To­ward real tax re­form

While bi­par­ti­san­ship can be ac­cept­able, a ‘zero sum’ men­tal­ity is not

The Washington Times Daily - - COMMENTARY - By Lewis K. Uhler and Peter J. Fer­rara Lewis Uhler is founder and pres­i­dent of the Na­tional Tax Lim­i­ta­tion Com­mit­tee and the Na­tional Tax Lim­i­ta­tion Foun­da­tion. Peter Fer­rara is a se­nior fel­low at the Heart­land In­sti­tute, a se­nior pol­icy ad­viser with the

The evening news and front pages are dom­i­nated by nat­u­ral dis­as­ters. But our fed­eral tax code is an un­nat­u­ral dis­as­ter stran­gling Amer­ica with long-term stag­na­tion. To re­store boom­ing growth, Amer­ica needs tax re­form as pro­posed by Pres­i­dent Trump and Repub­li­can Con­gres­sional lead­ers, who are vir­tu­ally “singing off the same sheet.”

But Mr. Trump’s re­cent “deal” with Sen. Chuck Schumer and Rep. Nancy Pelosi on the debt limit raised ques­tions on tax re­form’s fu­ture. While “bi­par­ti­san­ship” is of­ten ac­cept­able, if not pos­i­tive, the Schumer/ Pelosi tax re­form driven by Bernie San­ders/El­iz­a­beth War­ren phi­los­o­phy is not. They re­main gripped by a “zero sum men­tal­ity” — for one per­son to gain in tax re­form an­other must lose.

To ad­vance their “zero sum” view of the world, lib­er­als and their Wash­ing­ton “bean coun­ters” de­mand “rev­enue neu­tral­ity”: for ev­ery tax rev­enue dol­lar cut there must be a new rev­enue dol­lar added. They can’t ac­cept the re­al­ity that Pres­i­dent Kennedy’s and Pres­i­dent Rea­gan’s tax re­forms made ev­ery­one bet­ter off, dra­mat­i­cally grow­ing our na­tion’s econ­omy.

For­tu­nately, some com­mon-sense Democrats of­fer true bi­par­ti­san so­lu­tions. In her re­cent Wall Street Jour­nal ar­ti­cle, “Why Cor­po­rate Tax Re­form is a Bi­par­ti­san Cause,” Laura Tyson, Pres­i­dent Clin­ton’s chair­man of the Coun­cil of Eco­nomic Ad­vi­sors, urged sharp re­duc­tions in U.S. cor­po­rate tax rates, not­ing that be­tween 2000 and 2016 the num­ber of For­tune 500 com­pa­nies head­quar­tered in the U.S. de­clined by 25 per­cent, as cap­i­tal and jobs fled.

Ear­lier in 1996, af­ter House Speaker Newt Gin­grich and con­gres­sional Repub­li­cans fi­nally “forced” Mr. Clin­ton to sign the “Rea­gan Wel­fare Re­form” leg­is­la­tion, Ms. Tyson and other bi­par­ti­san Democrats com­bined with Newt to lasso run­away spend­ing and pro­duce four back-to-back years of bud­get sur­pluses. That’s what to­day’s low-growth fis­cal dilemma re­quires: ma­jor growth-in­duc­ing tax re­form fol­lowed by se­ri­ous spend­ing con­trol.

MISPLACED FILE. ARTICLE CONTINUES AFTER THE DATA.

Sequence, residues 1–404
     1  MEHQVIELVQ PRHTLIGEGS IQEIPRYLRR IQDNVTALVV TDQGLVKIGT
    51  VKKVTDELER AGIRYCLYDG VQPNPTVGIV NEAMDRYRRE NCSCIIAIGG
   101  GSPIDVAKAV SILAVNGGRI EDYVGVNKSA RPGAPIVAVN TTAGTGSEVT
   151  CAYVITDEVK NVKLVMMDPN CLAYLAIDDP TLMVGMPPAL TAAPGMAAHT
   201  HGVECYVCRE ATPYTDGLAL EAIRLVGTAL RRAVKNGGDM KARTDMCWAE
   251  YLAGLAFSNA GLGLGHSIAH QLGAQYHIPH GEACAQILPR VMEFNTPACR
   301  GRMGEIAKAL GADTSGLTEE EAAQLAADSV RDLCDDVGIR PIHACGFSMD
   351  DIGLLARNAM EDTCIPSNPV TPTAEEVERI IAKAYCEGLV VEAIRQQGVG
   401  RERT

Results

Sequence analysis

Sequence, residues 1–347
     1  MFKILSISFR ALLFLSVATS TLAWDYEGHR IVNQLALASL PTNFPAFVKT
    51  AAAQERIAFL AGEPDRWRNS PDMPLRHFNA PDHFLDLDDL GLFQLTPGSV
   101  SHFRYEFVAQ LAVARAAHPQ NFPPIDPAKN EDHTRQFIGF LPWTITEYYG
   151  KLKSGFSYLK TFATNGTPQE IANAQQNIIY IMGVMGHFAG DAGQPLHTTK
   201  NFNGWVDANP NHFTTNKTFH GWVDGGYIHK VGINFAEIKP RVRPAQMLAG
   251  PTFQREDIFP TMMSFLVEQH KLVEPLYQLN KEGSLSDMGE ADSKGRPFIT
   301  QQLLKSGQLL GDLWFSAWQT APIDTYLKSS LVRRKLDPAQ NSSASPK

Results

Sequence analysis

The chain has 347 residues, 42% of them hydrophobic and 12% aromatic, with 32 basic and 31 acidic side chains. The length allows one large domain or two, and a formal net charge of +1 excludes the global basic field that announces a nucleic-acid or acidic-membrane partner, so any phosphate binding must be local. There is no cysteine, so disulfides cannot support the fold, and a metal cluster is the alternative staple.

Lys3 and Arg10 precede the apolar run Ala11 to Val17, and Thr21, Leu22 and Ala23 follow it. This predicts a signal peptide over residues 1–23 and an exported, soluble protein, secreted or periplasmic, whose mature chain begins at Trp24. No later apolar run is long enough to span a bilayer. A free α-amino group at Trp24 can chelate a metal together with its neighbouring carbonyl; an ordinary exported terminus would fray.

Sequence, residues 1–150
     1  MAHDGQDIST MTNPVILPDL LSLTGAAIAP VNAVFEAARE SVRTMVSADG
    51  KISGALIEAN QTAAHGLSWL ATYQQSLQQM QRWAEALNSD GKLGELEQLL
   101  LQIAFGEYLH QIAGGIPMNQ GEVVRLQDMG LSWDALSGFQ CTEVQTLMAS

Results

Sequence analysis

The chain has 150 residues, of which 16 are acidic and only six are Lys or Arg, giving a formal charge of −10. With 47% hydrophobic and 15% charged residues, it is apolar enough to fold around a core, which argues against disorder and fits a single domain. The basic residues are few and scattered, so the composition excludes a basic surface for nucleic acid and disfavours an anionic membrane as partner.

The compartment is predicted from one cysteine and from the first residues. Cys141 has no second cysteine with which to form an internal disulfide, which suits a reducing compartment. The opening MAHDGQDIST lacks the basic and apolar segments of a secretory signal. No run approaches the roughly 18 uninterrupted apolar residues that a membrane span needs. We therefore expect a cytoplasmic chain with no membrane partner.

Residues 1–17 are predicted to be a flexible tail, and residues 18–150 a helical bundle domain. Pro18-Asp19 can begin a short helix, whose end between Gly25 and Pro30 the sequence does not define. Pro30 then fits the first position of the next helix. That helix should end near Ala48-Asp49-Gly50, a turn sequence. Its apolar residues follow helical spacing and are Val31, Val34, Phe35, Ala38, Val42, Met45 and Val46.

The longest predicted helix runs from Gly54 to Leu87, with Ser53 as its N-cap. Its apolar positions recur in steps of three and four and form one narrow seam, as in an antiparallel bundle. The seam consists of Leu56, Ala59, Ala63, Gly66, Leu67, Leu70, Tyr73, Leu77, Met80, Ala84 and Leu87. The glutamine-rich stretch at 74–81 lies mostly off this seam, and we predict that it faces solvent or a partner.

Wealth cre­ation and eco­nomic growth are pre­cisely the for­mula for wage (and job) in­creases for ev­ery­one in our na­tion, not just for the top 1 per­cent who did well un­der Pres­i­dent Obama (world­wide stud­ies con­firm that 70 – 90 per­cent of ev­ery cor­po­rate tax dol­lar is borne by work­ers — not share­hold­ers or cus­tomers — in the form of re­duced wages and fewer jobs).

When Pres­i­dent Kennedy en­tered of­fice in 1961, the top in­come tax rate was 91 per­cent. Mr. Kennedy pro­posed to cut all in­come tax rates across the board by about 23 per­cent, re­duc­ing that top rate to 70 per­cent. In pro­mot­ing his tax cut, Mr. Kennedy said:

“It is a para­dox­i­cal truth that tax rates are too high to­day, and tax rev­enues are too low, and the sound­est way to raise rev­enues in the long run is to cut tax rates …[A]n econ­omy con­strained by high tax rates will never pro­duce enough rev­enue to bal­ance the bud­get, just as it will never cre­ate enough jobs or enough prof­its.”

He added, “Our true choice is not be­tween tax re­duc­tion, on the one hand, and the avoid­ance of large fed­eral deficits on the other … It is be­tween two kinds of deficits — a chronic deficit of in­er­tia, as the un­wanted re­sult of in­ad­e­quate rev­enues and a re­stricted econ­omy — or a tem­po­rary deficit of tran­si­tion, re­sult­ing from a tax cut de­signed to boost the econ­omy, pro­duce rev­enues, and achieve a fu­ture bud­get sur­plus.”

The year af­ter Mr. Kennedy’s tax cuts were adopted, U.S. News and World Re­port ex­claimed, “The un­usual bud­get spec­ta­cle of sharply ris­ing rev­enues fol­low­ing the big­gest tax cut in his­tory is be­gin­ning to as­ton­ish even those who pushed hard­est for tax cuts in the first place.” Arthur Okun, Mr. Kennedy’s chief eco­nomic ad­vi­sor, es­ti­mated that the tax cuts ex­panded the econ­omy in just two years by 10 per­cent above where it would have been.

Sim­i­larly, Pres­i­dent Rea­gan cut in­come tax rates for ev­ery­one by 25 per­cent in 1981. No one pre­tended the cuts would be rev­enue neu­tral. Those tax rate cuts, among other pro-growth Rea­gan re­forms, caused boom­ing eco­nomic growth. Dur­ing the first seven years of that boom, the econ­omy grew by al­most one-third, the equiv­a­lent of adding the en­tire econ­omy of West Ger­many, the third largest in the world at the time, to the U.S. econ­omy.

In 1984 alone, real eco­nomic growth boomed by 6.8 per­cent, the high­est in 50 years. Nearly 20 mil­lion new jobs were cre­ated dur­ing Mr. Rea­gan’s re­cov­ery, in­creas­ing U.S. civil­ian em­ploy­ment by al­most 20 per­cent. Be­cause of that boom­ing growth, fed­eral rev­enues dou­bled while Mr. Rea­gan was pres­i­dent, de­spite the dra­matic cut in in­come tax rates.

The pro­posed tax re­forms of Mr. Trump and the Repub­li­can con­gres­sional lead­er­ship would cre­ate sim­i­lar boom­ing growth. Con­ser­va­tives should sup­port tax re­form with­out call­ing for rev­enue neu­tral­ity, just as they sup­ported Mr. Rea­gan’s tax rate cuts. Eco­nomic growth would make the cuts more than rev­enue neu­tral. Af­ter just a few years, they would be rev­enue pos­i­tive, as they were un­der Mr. Rea­gan and Mr. Kennedy.


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